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REV HEAD & SHOULDERS


Value Stock

05/26/22 04:11:27 PM
by Stella Osoba, CMT

On May 6, 2022, the DOW plunged over 1,000 points. The S&P 500 and NASDAQ also posted severe losses. By this time, many popular growth stocks had lost over 50% of their values and were firmly in bear market territory. One of the few sectors that seemed to have escaped the worst of the rout was consumer staples. This sector is populated by value stocks many of which seem to be serenely unaffected by the current state of chaos in the larger market.


Security:   N/A
Position:   N/A

In 1894 W.K Kelloggs (K) created a toasted breakfast cereal known as cornflakes. The company is now a global manufacturer of food products like granola bars, breakfast cereals, frozen waffles and more. Its market capitalization as of May 7, 2022 was $24.69B, making it a mid-capitalization value stock.

Figure 1. Daily chart for K (2013-2022)
Graphic provided by: StockCharts.com.
 
In times of soaring uptrends, this stock might not rate a second look. Its share price has been lackluster and there is almost no trend to speak of. On July 20, 2016, K closed at a high of 67.57. Over the following years, its price has traded mostly down and sideways, fluctuating between a range of high 40s to high 60s (See Figure 1). In fact, it is possible to map out an inverse head and shoulders price pattern (See Figure 2). Squint a little.

Figure 2. Daily chart for K (2017-2022).
Graphic provided by: StockCharts.com.
 
On May 5, 2022, K reported a 15% jump in first quarter earnings leading to a gap up in the stock. This happened on the same day that the Dow Jones Industrial Average shedded over 1,000 points. The following day, K posted even more impressive gains, closing at an all-time high of 72.73. It also broke out above its 2016 high (See Figure 3).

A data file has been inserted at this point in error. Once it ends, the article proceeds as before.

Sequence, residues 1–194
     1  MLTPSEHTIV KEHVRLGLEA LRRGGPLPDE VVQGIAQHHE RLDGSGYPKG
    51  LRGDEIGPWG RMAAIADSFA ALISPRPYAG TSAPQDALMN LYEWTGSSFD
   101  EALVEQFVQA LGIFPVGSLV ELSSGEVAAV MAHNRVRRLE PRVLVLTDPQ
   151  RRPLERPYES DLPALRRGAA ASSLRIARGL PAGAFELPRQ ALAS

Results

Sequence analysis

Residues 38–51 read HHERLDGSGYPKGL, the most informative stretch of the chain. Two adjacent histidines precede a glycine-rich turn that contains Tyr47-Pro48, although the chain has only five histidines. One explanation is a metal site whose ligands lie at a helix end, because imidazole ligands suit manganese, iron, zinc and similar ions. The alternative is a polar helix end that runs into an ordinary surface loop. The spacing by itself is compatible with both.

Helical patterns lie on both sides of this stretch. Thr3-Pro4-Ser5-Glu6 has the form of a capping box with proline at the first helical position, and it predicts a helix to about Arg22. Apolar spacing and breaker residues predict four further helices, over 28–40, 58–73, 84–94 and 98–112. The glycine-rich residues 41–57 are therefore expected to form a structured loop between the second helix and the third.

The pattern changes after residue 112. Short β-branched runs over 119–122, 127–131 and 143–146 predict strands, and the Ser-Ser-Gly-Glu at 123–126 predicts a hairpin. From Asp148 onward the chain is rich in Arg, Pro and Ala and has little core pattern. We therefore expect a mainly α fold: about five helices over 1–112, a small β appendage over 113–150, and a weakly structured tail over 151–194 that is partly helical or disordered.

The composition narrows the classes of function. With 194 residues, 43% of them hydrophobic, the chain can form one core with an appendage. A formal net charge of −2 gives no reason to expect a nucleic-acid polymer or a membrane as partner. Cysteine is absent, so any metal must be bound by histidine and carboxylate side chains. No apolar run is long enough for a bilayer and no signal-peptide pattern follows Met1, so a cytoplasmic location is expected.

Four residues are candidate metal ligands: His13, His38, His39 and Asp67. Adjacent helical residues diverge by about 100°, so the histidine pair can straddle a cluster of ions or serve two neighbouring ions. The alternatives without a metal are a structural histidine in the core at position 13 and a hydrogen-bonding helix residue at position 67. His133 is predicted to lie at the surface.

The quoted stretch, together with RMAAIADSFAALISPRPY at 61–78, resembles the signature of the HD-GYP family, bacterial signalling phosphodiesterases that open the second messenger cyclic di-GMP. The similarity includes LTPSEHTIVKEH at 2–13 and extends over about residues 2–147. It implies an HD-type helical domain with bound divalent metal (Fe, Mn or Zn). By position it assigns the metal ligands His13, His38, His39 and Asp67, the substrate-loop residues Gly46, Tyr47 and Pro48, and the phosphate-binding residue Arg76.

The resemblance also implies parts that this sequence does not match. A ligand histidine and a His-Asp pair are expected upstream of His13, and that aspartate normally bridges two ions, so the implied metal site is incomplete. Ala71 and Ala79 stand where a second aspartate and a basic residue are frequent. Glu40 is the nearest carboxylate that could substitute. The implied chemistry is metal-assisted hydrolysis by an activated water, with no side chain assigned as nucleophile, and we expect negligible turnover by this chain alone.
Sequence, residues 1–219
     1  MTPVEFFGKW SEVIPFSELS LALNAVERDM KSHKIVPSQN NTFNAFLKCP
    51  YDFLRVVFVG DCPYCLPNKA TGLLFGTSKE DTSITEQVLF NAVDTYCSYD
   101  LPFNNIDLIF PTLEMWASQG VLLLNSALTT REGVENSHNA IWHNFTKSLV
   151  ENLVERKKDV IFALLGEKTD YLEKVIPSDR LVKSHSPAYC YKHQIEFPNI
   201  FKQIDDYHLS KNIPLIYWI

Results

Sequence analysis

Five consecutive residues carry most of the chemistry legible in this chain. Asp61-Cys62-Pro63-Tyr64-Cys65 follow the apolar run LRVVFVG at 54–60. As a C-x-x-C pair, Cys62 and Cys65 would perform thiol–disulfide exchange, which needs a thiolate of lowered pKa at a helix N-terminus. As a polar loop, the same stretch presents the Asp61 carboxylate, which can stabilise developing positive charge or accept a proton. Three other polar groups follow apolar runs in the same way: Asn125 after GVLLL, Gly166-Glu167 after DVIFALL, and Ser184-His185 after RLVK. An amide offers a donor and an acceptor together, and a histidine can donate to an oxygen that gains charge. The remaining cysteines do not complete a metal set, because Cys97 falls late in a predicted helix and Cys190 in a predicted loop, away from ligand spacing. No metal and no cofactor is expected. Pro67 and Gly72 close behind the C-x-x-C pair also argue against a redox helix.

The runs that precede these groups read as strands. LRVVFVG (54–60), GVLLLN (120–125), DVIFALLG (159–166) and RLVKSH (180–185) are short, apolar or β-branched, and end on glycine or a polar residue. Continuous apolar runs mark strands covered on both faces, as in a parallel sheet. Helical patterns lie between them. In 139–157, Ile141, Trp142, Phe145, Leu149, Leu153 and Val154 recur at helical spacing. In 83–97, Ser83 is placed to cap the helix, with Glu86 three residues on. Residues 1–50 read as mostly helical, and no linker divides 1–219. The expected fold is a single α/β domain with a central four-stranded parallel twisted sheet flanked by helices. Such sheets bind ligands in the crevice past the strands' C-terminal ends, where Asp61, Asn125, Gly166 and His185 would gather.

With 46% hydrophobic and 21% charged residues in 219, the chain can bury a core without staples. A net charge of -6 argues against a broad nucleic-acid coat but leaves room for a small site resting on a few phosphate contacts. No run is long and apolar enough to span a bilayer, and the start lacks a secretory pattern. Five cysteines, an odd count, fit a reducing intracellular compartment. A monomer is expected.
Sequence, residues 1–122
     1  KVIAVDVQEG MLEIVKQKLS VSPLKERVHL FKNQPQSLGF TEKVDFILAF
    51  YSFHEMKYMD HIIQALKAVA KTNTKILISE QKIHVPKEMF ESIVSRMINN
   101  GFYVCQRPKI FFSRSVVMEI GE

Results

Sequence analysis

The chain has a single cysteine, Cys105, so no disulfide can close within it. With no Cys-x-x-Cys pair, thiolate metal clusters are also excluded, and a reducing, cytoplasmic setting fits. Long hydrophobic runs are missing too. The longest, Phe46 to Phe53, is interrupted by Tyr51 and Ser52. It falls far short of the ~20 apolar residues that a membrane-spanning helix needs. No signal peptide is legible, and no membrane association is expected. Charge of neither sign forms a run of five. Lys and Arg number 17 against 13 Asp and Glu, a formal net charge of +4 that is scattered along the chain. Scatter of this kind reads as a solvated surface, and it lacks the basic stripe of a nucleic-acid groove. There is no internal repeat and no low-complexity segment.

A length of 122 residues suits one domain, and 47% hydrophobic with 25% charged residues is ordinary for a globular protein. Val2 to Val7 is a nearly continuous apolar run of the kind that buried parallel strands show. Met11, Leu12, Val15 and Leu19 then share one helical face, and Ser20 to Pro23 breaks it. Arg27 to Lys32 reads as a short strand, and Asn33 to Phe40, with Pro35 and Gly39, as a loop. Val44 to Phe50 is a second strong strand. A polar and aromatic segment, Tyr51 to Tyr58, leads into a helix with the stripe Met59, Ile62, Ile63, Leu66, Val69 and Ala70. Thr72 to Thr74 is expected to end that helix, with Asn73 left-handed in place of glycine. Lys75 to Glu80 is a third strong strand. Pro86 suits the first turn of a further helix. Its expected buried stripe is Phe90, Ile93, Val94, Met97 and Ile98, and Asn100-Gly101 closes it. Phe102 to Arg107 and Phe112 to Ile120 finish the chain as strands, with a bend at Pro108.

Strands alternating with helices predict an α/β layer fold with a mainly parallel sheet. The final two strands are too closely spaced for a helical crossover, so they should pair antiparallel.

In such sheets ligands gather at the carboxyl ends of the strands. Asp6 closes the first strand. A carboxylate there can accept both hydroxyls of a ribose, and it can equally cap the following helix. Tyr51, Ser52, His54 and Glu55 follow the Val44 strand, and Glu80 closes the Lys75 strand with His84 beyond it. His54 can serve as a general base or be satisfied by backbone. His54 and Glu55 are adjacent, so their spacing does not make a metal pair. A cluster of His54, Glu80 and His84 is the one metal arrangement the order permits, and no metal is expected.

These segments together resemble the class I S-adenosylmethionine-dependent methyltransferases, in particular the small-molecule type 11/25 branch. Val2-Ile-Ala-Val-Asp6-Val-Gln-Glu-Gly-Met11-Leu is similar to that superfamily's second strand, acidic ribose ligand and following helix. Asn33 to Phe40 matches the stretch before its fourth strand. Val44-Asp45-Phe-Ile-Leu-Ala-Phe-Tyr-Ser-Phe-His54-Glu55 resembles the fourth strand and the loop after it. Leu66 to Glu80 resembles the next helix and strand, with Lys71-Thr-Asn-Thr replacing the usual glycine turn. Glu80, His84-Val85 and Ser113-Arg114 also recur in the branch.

Figure 3. Daily chart for K (2022).
Graphic provided by: StockCharts.com.
 
K is a component of the consumer staples sector. Stocks in this sector tend to perform best best when the economy as a whole is struggling or contracting. Stocks in the consumer staples sector represent stocks that are necessary for everyday life such as detergent, toothpaste, groceries etc. No matter what the economy does, people still need these products. So, there is a steady demand for them.

Value stocks are often not fast moving like growth stocks for most of the time especially in healthy markets. But having some value stock exposure can help insulate your portfolio in uncertain times. They tend to perform better than growth stocks when markets are contracting and they offer something most growth stocks do not — dividends. K's annual dividend is $2.32 with a yield of 3.19% which in tough markets offers a rare glimmer of light.



Stella Osoba, CMT

Stella Osoba is a trader and financial writer. She is a frequent contributor to "Technical Analysis of Stocks and Commodities" magazine and "Traders.com Advantage" as well as other financial publications.

E-mail address: stellaosoba@gmail.com

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